So your child may be lost in his own world. He won’t even look at you in the eye when you are talking to him. What is a parent to do?
Accept and adapt. This is the advice from three mothers whose sons are full-time artists.
The three artists are also autistic.
Their artworks are on exhibition at The Ledge Art Gallery in 1Utama Shopping Centre.
The show is called “10 Years, A Beautiful Journey”. It is a group exhibition organised by United Voice, a society for persons with learning disabilities.
“Individuals with autism don’t lie. So, if he says you are pretty, you know it’s genuine,” said Jenny Tan, 50, mother of Tan Seng Kit, 26.
Jackie Liew, 50, learned over time to clap when she wanted her 20-year-old son Andrew Lau to come to her.
“I used to shout but it didn’t work. When I found out he was sensitive to claps, it made life easier,” she said.
Annie Kam, mother of Clement Ooi, 26, braved a solo show for her son in 2010 — without mentioning he was autistic.
“I wanted people to look at his talent. Not buy his work out of sympathy,” said Kam.
The “stunt” left her obliged to explain why Ooi was still taking part in group shows for special artists.
“The lawyer who set up the solo show for us said since he had set a platform for us, we shouldn’t move backwards. But I don’t like to turn away invitations,” said Kam.
Birds, fruits, flowers and scenery make up the bulk of this exhibition. Most are in bright colours. Each artpiece carries the artist’s distinctive style.
For Seng Kit, it’s birds. With Ooi, orchids. Lau, animals. It is frank and straightforward, even in the abstract form.
But because the artists are autistic, you can’t help but look deep into the pieces for little clues that may reveal what is going on in their minds. Autistic people are not usually vocal about their thoughts. So, it is not easy to know what they are thinking.
You wonder how Seng Kit, who has to be taught how to smile, can work out things like perspective and space. How much of his work is influenced by outside help? How much of the content in his paintings are actually from him?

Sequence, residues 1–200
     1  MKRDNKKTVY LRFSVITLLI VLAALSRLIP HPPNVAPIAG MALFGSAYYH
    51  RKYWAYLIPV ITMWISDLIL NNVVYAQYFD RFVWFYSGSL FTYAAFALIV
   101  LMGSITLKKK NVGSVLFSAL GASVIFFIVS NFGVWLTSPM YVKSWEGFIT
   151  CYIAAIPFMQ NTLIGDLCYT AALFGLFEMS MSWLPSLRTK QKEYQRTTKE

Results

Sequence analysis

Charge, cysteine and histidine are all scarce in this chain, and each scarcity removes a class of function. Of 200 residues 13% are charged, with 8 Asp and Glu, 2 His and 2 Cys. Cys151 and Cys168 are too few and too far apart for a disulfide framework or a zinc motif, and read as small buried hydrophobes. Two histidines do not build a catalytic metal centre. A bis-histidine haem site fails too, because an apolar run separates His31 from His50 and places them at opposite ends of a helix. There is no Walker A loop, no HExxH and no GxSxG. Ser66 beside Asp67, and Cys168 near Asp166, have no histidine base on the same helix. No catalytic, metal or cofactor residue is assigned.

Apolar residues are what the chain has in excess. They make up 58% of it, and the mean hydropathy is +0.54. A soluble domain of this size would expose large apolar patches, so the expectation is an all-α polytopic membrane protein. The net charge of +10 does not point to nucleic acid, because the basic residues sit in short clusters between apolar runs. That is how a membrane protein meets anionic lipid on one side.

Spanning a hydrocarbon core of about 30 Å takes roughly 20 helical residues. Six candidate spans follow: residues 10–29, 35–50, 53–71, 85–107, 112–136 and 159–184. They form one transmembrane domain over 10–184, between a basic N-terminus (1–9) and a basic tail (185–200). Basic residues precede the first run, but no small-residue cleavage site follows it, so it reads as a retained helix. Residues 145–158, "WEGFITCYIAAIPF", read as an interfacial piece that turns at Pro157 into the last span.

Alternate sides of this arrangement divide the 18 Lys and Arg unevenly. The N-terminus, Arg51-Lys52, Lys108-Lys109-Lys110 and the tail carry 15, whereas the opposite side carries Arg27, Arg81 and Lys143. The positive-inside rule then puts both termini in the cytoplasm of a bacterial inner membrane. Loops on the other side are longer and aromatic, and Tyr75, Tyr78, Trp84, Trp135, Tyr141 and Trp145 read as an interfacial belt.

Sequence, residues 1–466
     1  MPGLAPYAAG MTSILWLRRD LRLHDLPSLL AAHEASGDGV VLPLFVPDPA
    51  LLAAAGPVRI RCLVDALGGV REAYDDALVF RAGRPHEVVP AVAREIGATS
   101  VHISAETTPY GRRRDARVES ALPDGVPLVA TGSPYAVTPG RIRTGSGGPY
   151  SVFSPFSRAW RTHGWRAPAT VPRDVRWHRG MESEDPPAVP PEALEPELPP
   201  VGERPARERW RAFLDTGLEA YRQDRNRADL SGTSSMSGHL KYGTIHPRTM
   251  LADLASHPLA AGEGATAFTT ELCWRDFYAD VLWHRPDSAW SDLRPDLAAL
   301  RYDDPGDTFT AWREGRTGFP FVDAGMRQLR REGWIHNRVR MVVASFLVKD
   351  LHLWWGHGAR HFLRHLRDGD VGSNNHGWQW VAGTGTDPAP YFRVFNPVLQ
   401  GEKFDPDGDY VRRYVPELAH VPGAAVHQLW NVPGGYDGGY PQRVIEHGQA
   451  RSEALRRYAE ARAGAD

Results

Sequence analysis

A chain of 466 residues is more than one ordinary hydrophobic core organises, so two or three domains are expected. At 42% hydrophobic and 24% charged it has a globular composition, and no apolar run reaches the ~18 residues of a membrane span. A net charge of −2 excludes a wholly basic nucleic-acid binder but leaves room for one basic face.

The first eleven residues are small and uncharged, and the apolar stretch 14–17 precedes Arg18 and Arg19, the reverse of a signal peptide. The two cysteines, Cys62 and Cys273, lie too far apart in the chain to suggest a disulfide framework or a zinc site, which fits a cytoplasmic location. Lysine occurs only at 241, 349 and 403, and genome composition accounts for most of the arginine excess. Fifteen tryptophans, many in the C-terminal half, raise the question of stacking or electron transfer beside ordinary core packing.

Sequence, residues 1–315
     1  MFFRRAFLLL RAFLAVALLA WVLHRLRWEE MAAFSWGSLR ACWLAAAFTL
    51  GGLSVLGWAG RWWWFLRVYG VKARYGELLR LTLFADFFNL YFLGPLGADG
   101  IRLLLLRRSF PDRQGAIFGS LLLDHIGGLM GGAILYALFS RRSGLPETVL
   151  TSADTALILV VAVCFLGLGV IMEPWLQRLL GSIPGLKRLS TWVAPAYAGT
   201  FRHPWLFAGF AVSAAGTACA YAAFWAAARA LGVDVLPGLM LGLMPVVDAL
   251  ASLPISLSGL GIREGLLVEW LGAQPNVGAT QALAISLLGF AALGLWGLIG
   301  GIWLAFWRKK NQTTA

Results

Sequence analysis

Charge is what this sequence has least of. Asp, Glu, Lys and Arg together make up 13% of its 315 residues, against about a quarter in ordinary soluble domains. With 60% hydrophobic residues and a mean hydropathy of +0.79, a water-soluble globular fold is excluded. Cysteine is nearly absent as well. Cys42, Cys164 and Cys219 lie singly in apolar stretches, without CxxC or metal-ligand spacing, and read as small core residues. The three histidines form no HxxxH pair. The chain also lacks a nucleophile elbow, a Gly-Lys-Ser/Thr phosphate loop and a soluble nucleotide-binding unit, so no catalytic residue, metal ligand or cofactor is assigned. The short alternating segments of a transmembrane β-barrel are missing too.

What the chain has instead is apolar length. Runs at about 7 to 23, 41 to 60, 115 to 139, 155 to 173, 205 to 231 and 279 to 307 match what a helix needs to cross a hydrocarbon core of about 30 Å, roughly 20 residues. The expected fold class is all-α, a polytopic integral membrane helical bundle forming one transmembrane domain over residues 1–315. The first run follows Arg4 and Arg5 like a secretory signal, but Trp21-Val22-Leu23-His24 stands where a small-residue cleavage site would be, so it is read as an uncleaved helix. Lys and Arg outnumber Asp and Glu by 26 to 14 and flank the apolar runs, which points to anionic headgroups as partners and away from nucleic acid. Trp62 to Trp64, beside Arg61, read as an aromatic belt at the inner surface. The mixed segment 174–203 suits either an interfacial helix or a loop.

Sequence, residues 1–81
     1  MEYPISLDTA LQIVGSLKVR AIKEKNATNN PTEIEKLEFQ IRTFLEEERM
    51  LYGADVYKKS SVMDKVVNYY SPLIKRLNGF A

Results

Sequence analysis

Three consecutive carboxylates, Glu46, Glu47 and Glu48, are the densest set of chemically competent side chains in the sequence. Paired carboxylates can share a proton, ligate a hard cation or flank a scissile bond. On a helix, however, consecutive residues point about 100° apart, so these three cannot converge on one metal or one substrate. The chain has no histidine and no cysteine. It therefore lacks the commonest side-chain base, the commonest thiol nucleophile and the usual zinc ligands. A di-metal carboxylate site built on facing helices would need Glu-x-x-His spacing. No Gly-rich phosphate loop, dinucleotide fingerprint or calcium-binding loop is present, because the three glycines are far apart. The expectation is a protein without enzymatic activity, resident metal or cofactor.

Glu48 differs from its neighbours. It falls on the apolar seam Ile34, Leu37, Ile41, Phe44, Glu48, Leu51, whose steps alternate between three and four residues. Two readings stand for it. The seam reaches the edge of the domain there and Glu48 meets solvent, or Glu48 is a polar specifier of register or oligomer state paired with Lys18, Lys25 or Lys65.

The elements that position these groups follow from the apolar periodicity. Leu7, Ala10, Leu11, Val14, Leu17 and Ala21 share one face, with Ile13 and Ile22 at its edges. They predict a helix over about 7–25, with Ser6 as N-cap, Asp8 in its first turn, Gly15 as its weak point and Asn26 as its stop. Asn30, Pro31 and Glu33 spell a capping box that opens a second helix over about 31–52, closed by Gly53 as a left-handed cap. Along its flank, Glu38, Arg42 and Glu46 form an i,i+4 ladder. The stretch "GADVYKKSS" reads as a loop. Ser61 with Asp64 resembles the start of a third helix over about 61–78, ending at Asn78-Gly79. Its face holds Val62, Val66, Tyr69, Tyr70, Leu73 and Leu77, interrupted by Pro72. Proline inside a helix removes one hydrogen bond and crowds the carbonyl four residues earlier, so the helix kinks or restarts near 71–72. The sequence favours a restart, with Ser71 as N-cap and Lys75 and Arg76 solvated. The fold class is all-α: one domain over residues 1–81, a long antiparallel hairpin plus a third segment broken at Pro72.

Speaking for their sons, the mothers say the work on display is a reflection of what they see. From holidays abroad. Magazines. Daily life. Photographic memory helps in recording the little details.
The journey for these mothers has been long and hard. But it had been a necessary one so that their sons will give full cooperation at photo shoots and mind their manners.
So now we must ask how far these artists can go?
Ooi has been in the art scene since 2004. Tan, since 2008. With Seng Kit, art has always been a means of expression. As a child, if he wanted an egg, he’d draw a picture of it and show it to his mother.
“It will all depend on marketing,” said Kam who pointed to Facebook as a way of promoting Ooi’s work.
So, this means the artists will have to churn out quality instead of relying on sympathy. Their mothers insist this point be stressed.
Away from the exhibition, Seng Kit’s work hangs in a government office in Putrajaya.
In jest, his mother revealed she had once considered a change of profession for him.
Inspired by the film Rain Man, she took Seng Kit to a casino in hope his photographic memory may work to their benefit. It did not. So, he stayed an artist.
Ooi, on the other hand has been going places — his work that is. They have found collectors in Europe, the US, the UK, Australia and Japan.
There is also growing interest in autistic art. In last year’s United Voice exhibition, Bank Negara bought RM50,000 worth of paintings.